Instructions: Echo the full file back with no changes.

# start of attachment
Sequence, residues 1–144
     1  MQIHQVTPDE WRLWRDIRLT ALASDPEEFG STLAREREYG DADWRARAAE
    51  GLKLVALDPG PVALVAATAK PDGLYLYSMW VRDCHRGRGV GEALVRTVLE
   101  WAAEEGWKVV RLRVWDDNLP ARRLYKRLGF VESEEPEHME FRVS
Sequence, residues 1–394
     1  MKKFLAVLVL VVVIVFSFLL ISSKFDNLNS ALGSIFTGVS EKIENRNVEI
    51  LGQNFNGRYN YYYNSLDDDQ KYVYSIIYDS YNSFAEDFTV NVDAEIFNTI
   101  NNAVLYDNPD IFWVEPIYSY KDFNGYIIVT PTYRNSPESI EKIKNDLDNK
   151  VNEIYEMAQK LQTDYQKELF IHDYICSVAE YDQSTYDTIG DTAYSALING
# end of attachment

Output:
Sequence, residues 1–144
     1  MQIHQVTPDE WRLWRDIRLT ALASDPEEFG STLAREREYG DADWRARAAE
    51  GLKLVALDPG PVALVAATAK PDGLYLYSMW VRDCHRGRGV GEALVRTVLE
   101  WAAEEGWKVV RLRVWDDNLP ARRLYKRLGF VESEEPEHME FRVS
Sequence, residues 1–394
     1  MKKFLAVLVL VVVIVFSFLL ISSKFDNLNS ALGSIFTGVS EKIENRNVEI
    51  LGQNFNGRYN YYYNSLDDDQ KYVYSIIYDS YNSFAEDFTV NVDAEIFNTI
   101  NNAVLYDNPD IFWVEPIYSY KDFNGYIIVT PTYRNSPESI EKIKNDLDNK
   151  VNEIYEMAQK LQTDYQKELF IHDYICSVAE YDQSTYDTIG DTAYSALING